Based upon the monitoring preferences, one or more control messages are written 318 to the process control file 254. Example control messages include signal monitoring, exit tracing, process state monitoring, and monitor suspending. In the embodiment shown, a signal monitoring control message is stored 320 in the process control file 254. The signal monitoring control message specifies which Unix signals to monitor for the target process. The list of monitored signals is derived from the monitoring preferences. In general, the signal monitoring control message will identify a plurality of signals that, if not handled by the target process, will cause that process to terminate with a core dump. Example control messages include:
In the embodiment shown, an exit tracing control message is stored 322 in the process control file 254. The exit tracing control message traces calls to one or more system exit routines. The system exit routines provide for normal termination of processes within the system. Normally, the fault monitor 212 does not intervene in the normal termination of a process and uses the information only to end the corresponding monitoring thread. In Solaris systems, the system exit routine is sysexit( ) and the exit tracing control message identifies calls to sysexit( ).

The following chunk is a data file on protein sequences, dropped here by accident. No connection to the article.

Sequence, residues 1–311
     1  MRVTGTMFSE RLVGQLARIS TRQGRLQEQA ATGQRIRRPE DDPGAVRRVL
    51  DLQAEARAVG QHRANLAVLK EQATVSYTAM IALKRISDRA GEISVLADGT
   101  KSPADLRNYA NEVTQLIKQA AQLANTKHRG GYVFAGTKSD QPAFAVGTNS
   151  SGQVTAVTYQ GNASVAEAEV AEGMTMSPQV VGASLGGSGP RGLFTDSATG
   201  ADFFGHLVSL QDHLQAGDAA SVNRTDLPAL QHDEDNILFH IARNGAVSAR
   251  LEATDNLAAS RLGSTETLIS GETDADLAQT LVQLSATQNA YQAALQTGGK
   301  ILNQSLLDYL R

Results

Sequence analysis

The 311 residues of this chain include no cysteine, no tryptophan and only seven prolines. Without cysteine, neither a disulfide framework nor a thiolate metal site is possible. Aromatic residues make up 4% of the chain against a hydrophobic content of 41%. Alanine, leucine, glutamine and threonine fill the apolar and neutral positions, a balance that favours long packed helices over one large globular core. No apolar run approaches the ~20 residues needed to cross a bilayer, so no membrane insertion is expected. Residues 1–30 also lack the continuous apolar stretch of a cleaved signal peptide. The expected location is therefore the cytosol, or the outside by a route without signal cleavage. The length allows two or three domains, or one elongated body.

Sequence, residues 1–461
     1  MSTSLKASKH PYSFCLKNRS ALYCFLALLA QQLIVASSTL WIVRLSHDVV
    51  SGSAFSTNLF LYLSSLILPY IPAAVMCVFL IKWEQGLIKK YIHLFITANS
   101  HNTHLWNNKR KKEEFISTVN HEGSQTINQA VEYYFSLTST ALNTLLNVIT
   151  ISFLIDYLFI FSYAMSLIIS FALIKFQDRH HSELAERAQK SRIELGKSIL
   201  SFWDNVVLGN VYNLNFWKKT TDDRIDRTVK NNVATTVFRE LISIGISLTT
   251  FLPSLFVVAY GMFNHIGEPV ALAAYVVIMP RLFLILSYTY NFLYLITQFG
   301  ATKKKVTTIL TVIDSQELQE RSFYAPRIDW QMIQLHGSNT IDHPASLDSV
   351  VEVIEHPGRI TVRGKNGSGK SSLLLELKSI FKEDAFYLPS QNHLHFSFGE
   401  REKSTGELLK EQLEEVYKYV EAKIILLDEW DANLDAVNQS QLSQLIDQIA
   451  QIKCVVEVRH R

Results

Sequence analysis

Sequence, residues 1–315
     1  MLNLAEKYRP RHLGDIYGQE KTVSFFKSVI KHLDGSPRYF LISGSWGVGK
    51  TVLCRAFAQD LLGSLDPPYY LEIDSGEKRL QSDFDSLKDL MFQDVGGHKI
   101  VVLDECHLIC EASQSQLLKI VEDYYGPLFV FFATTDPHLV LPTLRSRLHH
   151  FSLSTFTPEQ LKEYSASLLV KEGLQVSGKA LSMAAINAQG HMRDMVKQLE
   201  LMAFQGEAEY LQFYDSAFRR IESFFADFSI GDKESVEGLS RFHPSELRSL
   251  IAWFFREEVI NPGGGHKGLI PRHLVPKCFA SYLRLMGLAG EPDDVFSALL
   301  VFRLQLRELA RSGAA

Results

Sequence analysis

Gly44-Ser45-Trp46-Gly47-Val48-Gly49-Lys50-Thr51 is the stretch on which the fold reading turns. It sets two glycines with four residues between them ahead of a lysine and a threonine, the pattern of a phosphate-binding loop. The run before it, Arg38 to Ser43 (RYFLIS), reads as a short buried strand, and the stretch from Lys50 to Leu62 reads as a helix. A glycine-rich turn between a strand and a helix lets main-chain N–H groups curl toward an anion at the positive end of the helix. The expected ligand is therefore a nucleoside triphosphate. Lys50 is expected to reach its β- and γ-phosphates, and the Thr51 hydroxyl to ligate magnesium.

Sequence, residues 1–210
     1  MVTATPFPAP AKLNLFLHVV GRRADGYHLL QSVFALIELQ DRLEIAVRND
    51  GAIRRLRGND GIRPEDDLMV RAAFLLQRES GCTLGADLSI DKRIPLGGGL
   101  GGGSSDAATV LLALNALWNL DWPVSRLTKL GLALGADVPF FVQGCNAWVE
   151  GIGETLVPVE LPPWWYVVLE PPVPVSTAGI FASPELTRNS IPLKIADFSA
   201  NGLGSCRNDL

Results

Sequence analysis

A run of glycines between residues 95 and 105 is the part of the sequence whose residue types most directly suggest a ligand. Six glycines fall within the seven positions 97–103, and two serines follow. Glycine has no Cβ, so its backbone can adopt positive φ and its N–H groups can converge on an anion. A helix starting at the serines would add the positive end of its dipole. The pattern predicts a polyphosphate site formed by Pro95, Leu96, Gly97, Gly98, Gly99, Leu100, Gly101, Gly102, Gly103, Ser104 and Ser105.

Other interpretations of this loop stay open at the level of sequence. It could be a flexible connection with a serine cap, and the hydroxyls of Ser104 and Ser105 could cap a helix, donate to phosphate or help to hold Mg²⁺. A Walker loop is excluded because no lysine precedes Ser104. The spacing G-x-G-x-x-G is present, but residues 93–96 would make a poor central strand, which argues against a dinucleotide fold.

In the embodiment shown, one or more process state control messages are stored 324 in the process control file 254. These process state control messages place the process in the appropriate state for monitoring. Example control messages include:
In the embodiment shown, a monitor suspension control message is also stored 326 in the process control file 254. The monitor suspension control message is written after the other messages in the monitoring set up have been completed. The monitor suspension control message suspends the monitoring thread until the monitored process is interrupted. Interruptions include a traced signal being received by the process or entry into the system exit routine.
The monitoring thread remains in a passive state as long as the process functions normally. However, when an interruption in the process is generated 328, signals reflecting that interruption will be handled in accordance with the messages written to the process control file 254. Receipt of monitored signals ends the suspension of the monitoring thread and control is returned 330 to the fault monitor 212.
The fault monitor 212 uses 332 its signal handling preferences to determine further processing based upon the signal received. To supplement information included in the signal itself, the fault monitor 212 reads 334 the process status stored 336 in the process status file 256. The status information in the process status file 256 allows the fault monitor 212 to determine why the monitored process is being interrupted. The combination of the received signal, the status information, and the process handling preferences determines further handling by the fault monitor 212. Most commonly, the fault monitor 212 will raise 338 an event to the event router 216 based upon the interruption, though this may be dependent upon the signal handling preferences.